Updated: Sep 28
Players: 1-6 Ages: 12+ Game Time: 30 -90 mins
Ascension is a deck-building game, designed by Justin Gary, in which players spend Runes to acquire more powerful cards for their deck. It is published by Stone Blade Entertainment in the dead tree format, but also available in digital form on mobile and on Steam.
It offers a dynamic play experience where players have to react and adjust their strategy accordingly. Each player starts with a small deck of cards, and uses those cards to acquire more and better cards for their deck, with the goal of earning the most Honour Points by gaining cards and defeating monsters.
Gameplay / Mechanics
The cards are split into different types:
Heroes – help build a more powerful deck. Heroes may also come with special abilities, which are often boosted when combined with the abilities of other heroes, usually of the same faction
Constructs – can remain in play permanently (unless destroyed) and their ability has an ongoing effect for the player who controls it
Monsters – can be defeated to earn Honour Points.
In addition, the hero and construct cards are split into four factions:
Multiple cards from a faction will often complement each other, and provide an overall more powerful deck.
Throughout the game, you deal with three major resources;
Runes – are used to purchase more powerful cards and improve your deck
Honour – acquired by defeating monsters (and also by holding more powerful cards)
Power – more powerful cards are required to defeat more powerful monsters
In order to win the game, you must use strategy to build upon all three resources, and do so in a more efficient way than your opponents. For example, more power is required to acquire better cards, better cards are required to defeat more powerful monsters, and more monsters must be defeated to obtain Honour. You must use all three resources collectively to achieve your ultimate goal.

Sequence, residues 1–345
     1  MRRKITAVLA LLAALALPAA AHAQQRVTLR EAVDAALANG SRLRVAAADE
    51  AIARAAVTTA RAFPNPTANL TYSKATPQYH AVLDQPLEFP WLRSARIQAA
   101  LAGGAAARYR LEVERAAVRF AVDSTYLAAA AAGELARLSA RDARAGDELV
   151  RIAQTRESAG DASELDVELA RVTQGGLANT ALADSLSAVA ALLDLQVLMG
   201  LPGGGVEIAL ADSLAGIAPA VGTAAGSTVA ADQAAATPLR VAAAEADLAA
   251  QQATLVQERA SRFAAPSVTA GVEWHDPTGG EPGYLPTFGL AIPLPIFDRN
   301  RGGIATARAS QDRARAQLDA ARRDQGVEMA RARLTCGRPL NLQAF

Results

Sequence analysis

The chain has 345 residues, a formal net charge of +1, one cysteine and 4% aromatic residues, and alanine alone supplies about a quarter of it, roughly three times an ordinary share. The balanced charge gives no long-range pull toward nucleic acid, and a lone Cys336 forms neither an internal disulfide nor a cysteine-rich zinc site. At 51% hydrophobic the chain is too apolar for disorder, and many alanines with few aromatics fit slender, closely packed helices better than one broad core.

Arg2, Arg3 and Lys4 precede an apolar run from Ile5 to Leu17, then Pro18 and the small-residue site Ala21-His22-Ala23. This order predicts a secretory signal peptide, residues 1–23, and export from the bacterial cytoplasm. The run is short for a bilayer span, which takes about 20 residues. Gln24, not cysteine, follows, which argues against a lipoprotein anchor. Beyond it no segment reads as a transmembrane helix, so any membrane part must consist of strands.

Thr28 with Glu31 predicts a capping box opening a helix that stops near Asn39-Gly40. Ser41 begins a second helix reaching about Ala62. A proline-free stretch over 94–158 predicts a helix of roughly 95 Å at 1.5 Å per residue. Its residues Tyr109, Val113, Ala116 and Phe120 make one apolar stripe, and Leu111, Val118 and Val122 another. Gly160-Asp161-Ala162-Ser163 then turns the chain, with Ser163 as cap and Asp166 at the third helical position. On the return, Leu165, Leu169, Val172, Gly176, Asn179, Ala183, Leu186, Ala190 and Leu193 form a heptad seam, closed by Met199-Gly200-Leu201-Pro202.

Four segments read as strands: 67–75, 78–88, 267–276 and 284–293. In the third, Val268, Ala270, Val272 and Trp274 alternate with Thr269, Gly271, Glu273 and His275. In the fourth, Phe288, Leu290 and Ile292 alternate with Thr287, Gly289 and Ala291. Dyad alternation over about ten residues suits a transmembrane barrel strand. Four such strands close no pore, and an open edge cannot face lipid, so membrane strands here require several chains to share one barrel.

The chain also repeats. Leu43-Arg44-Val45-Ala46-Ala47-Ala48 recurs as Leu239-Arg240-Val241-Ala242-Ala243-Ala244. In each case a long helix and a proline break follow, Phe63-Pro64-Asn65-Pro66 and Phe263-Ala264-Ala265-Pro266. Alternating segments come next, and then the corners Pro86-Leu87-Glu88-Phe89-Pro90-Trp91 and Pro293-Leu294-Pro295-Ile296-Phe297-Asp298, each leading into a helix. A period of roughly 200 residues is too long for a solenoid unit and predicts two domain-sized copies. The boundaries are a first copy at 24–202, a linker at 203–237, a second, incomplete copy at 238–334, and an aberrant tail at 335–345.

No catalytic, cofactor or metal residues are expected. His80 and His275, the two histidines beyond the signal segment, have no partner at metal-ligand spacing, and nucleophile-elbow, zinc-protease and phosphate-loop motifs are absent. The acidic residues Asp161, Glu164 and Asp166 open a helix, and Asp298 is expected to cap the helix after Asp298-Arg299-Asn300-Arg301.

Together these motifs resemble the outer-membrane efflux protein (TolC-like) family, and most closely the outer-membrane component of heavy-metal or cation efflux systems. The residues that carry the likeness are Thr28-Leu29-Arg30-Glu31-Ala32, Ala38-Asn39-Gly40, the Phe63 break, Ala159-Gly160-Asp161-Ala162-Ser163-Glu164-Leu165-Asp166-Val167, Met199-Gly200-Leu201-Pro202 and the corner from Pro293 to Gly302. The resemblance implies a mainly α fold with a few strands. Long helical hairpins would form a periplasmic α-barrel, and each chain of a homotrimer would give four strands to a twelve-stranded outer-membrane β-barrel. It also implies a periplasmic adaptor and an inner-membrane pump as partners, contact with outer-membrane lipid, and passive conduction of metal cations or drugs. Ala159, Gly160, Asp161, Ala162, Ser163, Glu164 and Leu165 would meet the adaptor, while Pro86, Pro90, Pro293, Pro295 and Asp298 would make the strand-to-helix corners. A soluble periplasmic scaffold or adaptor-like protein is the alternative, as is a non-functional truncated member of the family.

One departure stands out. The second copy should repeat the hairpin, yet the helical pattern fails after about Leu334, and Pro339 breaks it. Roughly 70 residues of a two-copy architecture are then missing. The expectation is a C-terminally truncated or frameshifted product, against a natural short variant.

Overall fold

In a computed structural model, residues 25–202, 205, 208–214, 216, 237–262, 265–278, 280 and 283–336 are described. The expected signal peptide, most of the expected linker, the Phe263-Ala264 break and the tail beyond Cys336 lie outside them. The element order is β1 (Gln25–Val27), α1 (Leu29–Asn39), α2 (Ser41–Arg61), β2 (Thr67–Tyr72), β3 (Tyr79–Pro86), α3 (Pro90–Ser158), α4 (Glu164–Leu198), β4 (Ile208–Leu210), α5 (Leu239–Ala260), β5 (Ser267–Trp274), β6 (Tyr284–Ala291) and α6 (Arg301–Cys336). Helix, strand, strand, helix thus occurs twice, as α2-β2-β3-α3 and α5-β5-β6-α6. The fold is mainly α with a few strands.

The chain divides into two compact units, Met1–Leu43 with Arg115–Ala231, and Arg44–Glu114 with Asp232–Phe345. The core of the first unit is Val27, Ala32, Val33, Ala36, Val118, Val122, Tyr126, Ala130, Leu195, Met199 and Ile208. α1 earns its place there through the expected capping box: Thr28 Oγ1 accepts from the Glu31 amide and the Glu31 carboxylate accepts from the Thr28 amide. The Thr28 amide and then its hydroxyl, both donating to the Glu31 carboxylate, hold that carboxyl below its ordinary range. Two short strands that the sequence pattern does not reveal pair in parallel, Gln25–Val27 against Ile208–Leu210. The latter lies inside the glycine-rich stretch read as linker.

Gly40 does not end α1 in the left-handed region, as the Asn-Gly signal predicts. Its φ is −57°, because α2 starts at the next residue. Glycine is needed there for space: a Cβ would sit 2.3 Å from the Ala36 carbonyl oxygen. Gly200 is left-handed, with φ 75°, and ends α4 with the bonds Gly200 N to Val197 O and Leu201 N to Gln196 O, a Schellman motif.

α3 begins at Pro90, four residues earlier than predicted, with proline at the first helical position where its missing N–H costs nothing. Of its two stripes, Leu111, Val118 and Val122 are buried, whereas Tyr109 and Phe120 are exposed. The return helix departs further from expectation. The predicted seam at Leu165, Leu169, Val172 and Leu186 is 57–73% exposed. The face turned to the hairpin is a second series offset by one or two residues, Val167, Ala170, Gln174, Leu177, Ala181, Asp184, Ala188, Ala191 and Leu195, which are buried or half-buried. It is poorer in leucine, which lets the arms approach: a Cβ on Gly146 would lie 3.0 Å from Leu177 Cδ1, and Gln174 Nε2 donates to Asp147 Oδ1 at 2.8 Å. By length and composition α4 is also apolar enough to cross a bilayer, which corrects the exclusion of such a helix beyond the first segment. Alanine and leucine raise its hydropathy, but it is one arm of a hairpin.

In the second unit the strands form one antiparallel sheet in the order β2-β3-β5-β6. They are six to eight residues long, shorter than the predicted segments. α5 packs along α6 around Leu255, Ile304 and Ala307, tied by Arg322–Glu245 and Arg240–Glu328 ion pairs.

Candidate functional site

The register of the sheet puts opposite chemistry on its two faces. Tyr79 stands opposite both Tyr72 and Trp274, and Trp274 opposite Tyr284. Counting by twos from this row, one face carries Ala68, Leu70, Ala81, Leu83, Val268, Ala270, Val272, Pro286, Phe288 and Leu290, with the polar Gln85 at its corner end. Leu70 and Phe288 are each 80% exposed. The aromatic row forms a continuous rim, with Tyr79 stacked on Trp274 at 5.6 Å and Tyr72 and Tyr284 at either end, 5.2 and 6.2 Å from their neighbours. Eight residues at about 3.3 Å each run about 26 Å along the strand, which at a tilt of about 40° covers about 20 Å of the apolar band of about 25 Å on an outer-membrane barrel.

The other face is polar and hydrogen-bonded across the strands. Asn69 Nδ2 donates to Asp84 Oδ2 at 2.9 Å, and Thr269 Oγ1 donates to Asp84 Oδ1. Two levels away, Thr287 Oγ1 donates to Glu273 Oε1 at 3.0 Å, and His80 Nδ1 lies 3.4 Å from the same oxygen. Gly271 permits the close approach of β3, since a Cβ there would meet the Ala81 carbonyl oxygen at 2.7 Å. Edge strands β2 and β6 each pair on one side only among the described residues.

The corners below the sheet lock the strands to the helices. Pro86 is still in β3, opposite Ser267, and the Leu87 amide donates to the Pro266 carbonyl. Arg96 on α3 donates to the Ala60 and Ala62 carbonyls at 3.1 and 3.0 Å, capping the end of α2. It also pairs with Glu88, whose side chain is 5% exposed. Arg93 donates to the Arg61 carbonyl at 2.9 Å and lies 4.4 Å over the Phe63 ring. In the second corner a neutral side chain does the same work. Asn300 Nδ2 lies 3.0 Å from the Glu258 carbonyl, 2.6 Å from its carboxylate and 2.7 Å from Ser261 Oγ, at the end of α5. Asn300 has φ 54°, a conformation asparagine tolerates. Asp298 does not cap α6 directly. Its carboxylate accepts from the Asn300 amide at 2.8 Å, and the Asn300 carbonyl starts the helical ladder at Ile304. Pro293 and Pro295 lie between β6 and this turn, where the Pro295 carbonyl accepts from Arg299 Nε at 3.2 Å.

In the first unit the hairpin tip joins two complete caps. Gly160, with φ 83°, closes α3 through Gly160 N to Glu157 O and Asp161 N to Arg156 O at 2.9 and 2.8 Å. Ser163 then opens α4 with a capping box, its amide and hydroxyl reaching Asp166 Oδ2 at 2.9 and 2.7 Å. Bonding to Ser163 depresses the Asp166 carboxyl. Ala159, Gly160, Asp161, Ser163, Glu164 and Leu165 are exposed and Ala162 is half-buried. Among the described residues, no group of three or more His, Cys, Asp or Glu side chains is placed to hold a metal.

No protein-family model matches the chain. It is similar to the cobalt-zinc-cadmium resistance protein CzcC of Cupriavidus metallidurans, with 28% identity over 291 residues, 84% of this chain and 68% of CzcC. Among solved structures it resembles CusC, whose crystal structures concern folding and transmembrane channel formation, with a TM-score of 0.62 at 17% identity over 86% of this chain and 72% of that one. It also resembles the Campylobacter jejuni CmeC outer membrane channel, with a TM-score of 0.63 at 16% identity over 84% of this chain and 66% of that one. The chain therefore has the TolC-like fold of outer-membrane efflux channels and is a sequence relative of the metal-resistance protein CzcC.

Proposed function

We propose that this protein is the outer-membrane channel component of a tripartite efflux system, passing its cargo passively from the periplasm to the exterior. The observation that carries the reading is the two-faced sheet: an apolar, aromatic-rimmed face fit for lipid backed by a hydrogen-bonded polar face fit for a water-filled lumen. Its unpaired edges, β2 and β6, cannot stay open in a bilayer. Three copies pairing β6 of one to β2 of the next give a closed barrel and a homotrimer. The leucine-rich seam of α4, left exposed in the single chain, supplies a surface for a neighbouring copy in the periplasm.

The cards you can acquire, and the monsters you can defeat, are chosen from the game’s ‘centre row’. A starting deal of six random cards determines the choices you make and the strategy you implement. This can make for an unusual and varied game. The cards replenish as soon as one is removed, meaning all your in-game decisions will be influenced by the plays available to you on each turn.
The board, the cards, and the resources are all simply lovely to play with. The board is sturdy, the cards are thick and of a good size, and the resources don’t feel cheap. Although I like the artwork on the cards, there's somewhat of a disconnect throughout the whole deck. I do wonder if two artists were employed, as there feels like a distinct split in artwork from one card to another.
Despite being sometimes a little quick and easy to play, Ascension boasts an impressive deck to play with. I doubt many people can say they have played with all imaginable combinations of cards. With so many to choose from, and expansions, we have immense fun finding the latest combination of cards to play for the most interesting or powerful manoeuvre of that game. We really enjoy playing Ascension and it is a firm favourite in our household.
As much as Ascension is fast and simple, sometimes it feels like I never quite got going before the game ends. In fact, we sometimes decide to extend the goalposts and add more Honour to the game than we are supposed to. This allows us to prolong the game, and to also build up a really fun deck, where you can start to see some really interesting play combinations appear, especially when my wife is the queen of the Mechana and quite literally steamrolls the game!
A solid game that I associate as the founding deck-building game. We love it in our household and it is a firm favourite. The only criticism is the limited availability of expansions in the UK, otherwise it's well worth it.
The DoaLG founder